Look closely at the image above. Does it seem to rotate?

What you're experiencing is illusory motion, an optical illusion in which a static image appears to move. The effect is the result of interacting color contrasts and shape position.

Scientists aren't sure how our eyes and brain work together to create this appearance of movement, but they have some theories.

One possible explanation is that the color white turns our retinas' receptors "on," while black shuts them "off." Having black and white colors in close proximity or in certain patterns, makes them appear to flicker, which our brain interprets as motion.

Ming-Te Chi, a researcher at National Chengchi University, analyzed numerous self-animating images in 2008 to determine why viewers perceive movement in static images.

Chi and his team found that the arrangement of color bands repeated in small asymmetric patterns could play a role.

Certain combinations of these patterns seem to give the impression of creeping in a particular direction, and the illusion is strengthened if a pattern that seems to flow to the right is placed next to one that seems to flow to the left, such as in "Rotating Snakes" by Akiyoshi Kitaoka (pictured below).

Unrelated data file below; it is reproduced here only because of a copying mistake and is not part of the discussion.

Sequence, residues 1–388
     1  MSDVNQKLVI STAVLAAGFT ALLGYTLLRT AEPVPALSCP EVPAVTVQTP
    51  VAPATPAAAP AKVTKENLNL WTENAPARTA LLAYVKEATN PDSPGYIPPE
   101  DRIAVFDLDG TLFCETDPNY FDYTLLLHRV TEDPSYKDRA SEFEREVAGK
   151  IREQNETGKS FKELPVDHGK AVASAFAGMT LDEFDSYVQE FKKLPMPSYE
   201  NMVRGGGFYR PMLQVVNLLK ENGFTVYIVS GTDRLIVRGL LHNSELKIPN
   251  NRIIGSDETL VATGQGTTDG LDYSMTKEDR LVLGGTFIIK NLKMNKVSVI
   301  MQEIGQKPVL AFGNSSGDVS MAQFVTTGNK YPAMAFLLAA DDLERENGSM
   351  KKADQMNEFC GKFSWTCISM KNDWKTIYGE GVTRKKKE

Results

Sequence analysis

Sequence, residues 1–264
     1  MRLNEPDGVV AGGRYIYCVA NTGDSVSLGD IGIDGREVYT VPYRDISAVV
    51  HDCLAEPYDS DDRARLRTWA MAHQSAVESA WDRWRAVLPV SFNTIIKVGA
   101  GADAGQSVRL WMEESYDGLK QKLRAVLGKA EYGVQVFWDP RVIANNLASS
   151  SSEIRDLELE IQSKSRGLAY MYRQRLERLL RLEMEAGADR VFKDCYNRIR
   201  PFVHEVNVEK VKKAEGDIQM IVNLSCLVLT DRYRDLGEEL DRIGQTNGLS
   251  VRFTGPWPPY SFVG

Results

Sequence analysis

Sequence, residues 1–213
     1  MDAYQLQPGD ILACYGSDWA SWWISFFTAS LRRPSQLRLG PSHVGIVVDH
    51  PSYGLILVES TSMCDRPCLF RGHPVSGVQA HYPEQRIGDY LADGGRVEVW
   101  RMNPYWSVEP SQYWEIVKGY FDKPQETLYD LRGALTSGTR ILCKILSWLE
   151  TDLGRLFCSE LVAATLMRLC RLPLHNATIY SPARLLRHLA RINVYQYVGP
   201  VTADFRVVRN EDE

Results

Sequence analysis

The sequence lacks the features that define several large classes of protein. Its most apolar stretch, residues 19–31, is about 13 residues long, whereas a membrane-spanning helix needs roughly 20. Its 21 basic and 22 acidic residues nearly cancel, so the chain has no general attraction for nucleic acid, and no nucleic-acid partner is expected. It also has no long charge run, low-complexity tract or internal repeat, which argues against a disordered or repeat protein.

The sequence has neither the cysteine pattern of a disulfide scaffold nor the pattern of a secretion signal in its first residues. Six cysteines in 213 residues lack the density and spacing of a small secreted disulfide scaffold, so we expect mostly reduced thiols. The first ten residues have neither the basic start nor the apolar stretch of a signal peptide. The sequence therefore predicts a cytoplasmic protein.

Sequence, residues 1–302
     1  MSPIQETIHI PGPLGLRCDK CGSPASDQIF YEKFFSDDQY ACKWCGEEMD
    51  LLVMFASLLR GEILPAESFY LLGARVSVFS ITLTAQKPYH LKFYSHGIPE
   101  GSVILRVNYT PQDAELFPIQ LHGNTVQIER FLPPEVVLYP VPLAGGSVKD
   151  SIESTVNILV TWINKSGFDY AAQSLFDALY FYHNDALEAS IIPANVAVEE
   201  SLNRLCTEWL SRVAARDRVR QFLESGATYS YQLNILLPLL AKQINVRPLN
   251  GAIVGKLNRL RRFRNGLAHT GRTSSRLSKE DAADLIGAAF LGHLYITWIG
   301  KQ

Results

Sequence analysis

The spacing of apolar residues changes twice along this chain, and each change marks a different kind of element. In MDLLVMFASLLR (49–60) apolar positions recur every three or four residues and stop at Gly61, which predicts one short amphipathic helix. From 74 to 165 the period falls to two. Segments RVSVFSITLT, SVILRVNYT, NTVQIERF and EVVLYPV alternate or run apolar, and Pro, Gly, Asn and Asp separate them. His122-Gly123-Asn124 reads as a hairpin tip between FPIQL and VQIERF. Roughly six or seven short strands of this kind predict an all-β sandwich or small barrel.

Chi also discovered that specific color combinations make the illusion stronger. He concluded that high-contrast colors are the most effective, such as coupling black and white or blue and yellow.

Take a look at the images below. Do they all seem to move to you?

Akiyoshi Kitaoko illusory art

Photo: Wikimedia Commons

green and brown illusory motion art

Photo: Jon Ross/flickr

blue and green illusory motion art

Photo: Wikimedia Commons

green and red illusory motion art

Photo: Image Editor/flickr

moving circles illusory art

Photo: Darren Walton/flickr

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Laura Moss writes about a variety of topics with a focus on animals, science, language and culture. But she mostly writes about cats.

Why do these still images appear to move?
Artists can create optical illusions that trick us into thinking static images are moving.